Wednesday 3 February 2010

Tenure satire

Inside Higher Ed today has brilliant satire on the problems of tenure, with the Swiftian alternate university having granted tenure to its food service workers at the behest of an alumn donor who harboured grudges against the school.
As the story goes, she told me, we had an alumnus who, through some smart investing in a California tech firm, had accumulated an enormous fortune. But then, being in California and all, this fellow, whose name was Edgar H. Carson, converted to Buddhism and decided to give it all away. Since Stovetop was apparently near and dear to his heart, he offered a gift -- $75 million up front, and another million a year in perpetuity, to do whatever the college wanted. The endowment at the time was around $20 million, so this was pretty unbelievable.

Carson attached one string. It seems that when he was a student here in the ‘60s, he was keenly disappointed in one particular professor who often missed class, showed up drunk, and harassed the women in the class -- the whole nine yards. When Carson, who at the time was just a sophomore, approached the department chair to complain, he was told, “There’s really nothing I can do. He has tenure.”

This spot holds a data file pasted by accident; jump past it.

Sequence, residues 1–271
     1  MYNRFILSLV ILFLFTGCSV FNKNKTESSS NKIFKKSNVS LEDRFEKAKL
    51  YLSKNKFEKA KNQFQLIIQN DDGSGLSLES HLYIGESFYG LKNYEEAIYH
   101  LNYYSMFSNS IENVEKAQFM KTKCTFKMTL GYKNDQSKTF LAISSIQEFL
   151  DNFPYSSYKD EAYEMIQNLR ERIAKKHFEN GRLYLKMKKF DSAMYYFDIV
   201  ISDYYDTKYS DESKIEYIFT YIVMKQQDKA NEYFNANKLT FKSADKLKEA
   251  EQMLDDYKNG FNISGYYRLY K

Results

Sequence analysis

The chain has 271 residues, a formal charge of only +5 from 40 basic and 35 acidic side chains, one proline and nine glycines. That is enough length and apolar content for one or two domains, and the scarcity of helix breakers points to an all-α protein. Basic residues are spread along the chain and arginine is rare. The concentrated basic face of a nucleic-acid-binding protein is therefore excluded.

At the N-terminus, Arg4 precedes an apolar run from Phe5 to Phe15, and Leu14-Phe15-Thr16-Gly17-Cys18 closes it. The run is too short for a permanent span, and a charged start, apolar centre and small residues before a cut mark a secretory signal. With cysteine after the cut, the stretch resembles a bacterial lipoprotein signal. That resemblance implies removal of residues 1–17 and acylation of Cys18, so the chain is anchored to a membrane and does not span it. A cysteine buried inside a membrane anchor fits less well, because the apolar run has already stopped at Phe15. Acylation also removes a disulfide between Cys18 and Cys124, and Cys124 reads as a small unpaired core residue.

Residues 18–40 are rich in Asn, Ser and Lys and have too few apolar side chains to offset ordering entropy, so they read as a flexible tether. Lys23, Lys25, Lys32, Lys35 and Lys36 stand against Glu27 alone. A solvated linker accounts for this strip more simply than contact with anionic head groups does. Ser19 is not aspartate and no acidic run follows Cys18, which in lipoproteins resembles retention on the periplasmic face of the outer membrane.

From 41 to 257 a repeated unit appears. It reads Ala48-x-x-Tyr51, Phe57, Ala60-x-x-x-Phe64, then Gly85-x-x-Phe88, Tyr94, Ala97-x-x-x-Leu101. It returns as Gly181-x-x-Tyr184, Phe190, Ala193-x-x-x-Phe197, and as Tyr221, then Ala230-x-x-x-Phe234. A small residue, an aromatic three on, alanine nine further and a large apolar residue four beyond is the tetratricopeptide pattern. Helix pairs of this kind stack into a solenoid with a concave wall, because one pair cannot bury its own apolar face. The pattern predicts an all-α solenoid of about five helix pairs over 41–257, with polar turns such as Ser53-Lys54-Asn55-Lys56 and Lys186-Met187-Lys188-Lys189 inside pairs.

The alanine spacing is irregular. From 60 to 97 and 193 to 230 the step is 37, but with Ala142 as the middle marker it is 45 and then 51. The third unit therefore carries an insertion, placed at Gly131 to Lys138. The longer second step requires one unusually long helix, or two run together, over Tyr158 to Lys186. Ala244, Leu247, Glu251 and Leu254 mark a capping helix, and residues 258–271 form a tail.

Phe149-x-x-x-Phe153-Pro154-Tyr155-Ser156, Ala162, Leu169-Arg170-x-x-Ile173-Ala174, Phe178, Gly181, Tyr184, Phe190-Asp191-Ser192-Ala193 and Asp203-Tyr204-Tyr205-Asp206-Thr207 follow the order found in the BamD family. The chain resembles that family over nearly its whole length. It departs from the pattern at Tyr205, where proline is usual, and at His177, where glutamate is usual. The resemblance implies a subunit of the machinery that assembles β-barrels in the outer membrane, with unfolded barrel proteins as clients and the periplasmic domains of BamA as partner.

So Carson vowed that, if given the chance, he would rid Stovetop of tenure and, in doing so, assure future students that such faculty would not be able to make them miserable.

Of course, in 1985, when he offered the gift with the stipulation that tenure be abolished, the president told him we could never do such a thing. But $75 million! Imagine turning that down! Carson offered a compromise, which the president, without a second thought as to the consequences, accepted: tenure food services employees in addition to faculty.

Why? It turned out Carson had worked in the dining hall for three years, and felt that our food services employees, of whom he had grown very fond, were treated quite badly by the institution. One particular dishwasher, an older woman who occasionally invited Carson to join her family for Sunday dinner, was fired in an effort to appease an unhappy student who also worked there -- itself a long story.


I used to believe that Edgar H. Carson had never really understood the ins and outs of higher education, academic life, “guaranteed lifetime employment,” and all the nuanced subterfuge of faculty politics, and that it was out of naiveté that he had offered his compromise.

But now I realize that Carson understood more than any of us exactly what a system of tenure could render in an otherwise humble organization like food services. I realize now that back in 1985, Carson still harbored a 20-year old grudge against a professor and the institution that was powerless to hold that instructor accountable, and that Carson’s very clever form of revenge was to subject us to more misery than any college, even a small, private, wealthy liberal arts college, deserves.
The description of the Food Services Tenure Review Committee is wonderful....

No comments:

Post a Comment